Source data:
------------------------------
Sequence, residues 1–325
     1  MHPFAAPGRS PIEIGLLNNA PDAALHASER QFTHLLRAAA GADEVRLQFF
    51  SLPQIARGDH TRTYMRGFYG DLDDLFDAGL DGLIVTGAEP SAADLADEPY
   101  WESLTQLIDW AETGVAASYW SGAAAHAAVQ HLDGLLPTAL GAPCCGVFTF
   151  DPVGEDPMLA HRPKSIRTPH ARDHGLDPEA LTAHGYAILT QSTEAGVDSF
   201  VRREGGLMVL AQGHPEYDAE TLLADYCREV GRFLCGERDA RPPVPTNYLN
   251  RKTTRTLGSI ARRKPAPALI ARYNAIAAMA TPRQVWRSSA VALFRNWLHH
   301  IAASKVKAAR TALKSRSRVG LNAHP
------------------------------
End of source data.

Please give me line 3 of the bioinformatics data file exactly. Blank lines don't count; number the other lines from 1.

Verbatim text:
    51  SLPQIARGDH TRTYMRGFYG DLDDLFDAGL DGLIVTGAEP SAADLADEPY